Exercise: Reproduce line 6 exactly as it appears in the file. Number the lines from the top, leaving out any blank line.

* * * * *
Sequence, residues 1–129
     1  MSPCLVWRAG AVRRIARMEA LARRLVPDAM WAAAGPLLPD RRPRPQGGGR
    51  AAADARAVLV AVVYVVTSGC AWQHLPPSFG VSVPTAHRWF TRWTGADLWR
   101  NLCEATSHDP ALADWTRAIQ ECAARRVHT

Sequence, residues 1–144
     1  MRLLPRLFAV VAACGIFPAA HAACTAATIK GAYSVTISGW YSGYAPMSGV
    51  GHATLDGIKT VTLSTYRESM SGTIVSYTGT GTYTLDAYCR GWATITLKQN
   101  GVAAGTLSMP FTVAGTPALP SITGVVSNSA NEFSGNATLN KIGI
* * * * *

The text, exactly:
     1  MRLLPRLFAV VAACGIFPAA HAACTAATIK GAYSVTISGW YSGYAPMSGV